David R. Slavitt’s affectionate translations of epigrams by sixteenth-century Welsh academic John Owen transmute a careful selection of the writer’s work into a vision of life, and in so doing bring Owen into conversation with the present day. Pithy, quick, favoring balance and economy over elaboration of style, the epigram is difficult in any language; that Owen mastered it in a language other than his own attests to his immense talent. Owen’s small treasures go directly to the core: “At your coming into the world, you gave a cry / of protest: why then protest that you must die?”
Duessa’s Version: A Dirge in Seven Canticles offers an irreverent and provocative recapitulation of The Faerie Queene, as told by Duessa, the mutable sorceress of Spenser’s epic poem. Slavitt invests her with an unforgettable voice—outraged, profane, wise, and wickedly funny—and an exasperated contempt for the hero, Spenser’s Redcrosse Knight. Duessa’s retelling of The Faerie Queenebecomes the scaffolding upon which Slavitt hangs his reflections on twentieth-century civilization and culture that are indebted at once to intelligent observation, to Spenser, and to Borscht Belt comedy.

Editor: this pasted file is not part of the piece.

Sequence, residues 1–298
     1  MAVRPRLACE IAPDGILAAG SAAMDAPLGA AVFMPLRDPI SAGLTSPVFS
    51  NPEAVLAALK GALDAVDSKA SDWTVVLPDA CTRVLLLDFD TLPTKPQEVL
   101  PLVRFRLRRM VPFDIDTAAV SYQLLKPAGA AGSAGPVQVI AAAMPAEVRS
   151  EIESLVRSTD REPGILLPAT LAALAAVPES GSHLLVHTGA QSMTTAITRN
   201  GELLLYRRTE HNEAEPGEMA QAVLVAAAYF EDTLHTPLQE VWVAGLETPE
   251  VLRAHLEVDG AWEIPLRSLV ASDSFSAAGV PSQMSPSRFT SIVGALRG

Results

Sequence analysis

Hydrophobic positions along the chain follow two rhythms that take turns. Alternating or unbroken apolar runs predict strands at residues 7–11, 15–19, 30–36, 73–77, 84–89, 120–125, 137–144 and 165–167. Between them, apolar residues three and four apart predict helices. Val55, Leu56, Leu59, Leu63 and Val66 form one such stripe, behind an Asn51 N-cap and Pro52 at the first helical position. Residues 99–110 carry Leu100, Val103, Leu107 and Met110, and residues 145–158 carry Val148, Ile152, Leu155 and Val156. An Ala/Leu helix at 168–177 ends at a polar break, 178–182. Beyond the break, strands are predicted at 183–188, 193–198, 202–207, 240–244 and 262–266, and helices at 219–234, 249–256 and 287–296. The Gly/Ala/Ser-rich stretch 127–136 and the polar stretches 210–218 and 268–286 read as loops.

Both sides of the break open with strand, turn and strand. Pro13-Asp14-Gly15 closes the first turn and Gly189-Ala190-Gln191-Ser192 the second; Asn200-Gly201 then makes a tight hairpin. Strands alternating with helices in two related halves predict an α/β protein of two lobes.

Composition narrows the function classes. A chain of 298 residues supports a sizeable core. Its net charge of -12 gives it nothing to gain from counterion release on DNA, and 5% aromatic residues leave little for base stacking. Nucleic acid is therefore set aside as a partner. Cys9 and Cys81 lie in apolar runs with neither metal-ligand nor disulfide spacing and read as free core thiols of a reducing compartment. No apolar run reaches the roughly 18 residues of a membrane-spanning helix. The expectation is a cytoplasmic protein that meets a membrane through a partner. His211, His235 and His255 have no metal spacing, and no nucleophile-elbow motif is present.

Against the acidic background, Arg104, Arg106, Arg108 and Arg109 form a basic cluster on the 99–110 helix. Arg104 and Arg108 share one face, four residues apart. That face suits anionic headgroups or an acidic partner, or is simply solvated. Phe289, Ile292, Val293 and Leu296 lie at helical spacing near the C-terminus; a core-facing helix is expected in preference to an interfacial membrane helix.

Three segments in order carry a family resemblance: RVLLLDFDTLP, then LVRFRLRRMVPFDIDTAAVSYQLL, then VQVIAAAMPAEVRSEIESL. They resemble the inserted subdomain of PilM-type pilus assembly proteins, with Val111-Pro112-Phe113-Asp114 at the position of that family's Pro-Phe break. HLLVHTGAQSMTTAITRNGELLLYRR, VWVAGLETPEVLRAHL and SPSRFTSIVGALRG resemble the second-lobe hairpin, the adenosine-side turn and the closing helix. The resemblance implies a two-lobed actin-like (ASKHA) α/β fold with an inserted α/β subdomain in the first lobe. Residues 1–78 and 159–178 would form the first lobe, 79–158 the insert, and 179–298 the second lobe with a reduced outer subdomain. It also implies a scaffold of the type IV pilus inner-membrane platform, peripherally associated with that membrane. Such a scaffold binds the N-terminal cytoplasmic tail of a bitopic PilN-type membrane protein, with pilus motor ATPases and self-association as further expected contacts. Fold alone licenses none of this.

Here are virtuoso performances by a poet with resources of wit and erudition that are nothing short of astonishing. These masterly translations are bound “to get him—or at least his ghost—invited back.”
David R. Slavitt has published more than one hundred books, including The Seven Deadly Sins and Other Poems, Change of Address, and William Henry Harrison and Other Poems. Born in White Plains, New York, and educated at Andover, Yale, and Columbia, Slavitt has worked at Newsweek and has taught at Temple University, Columbia, the University of Pennsylvania, Princeton, and Bennington College.
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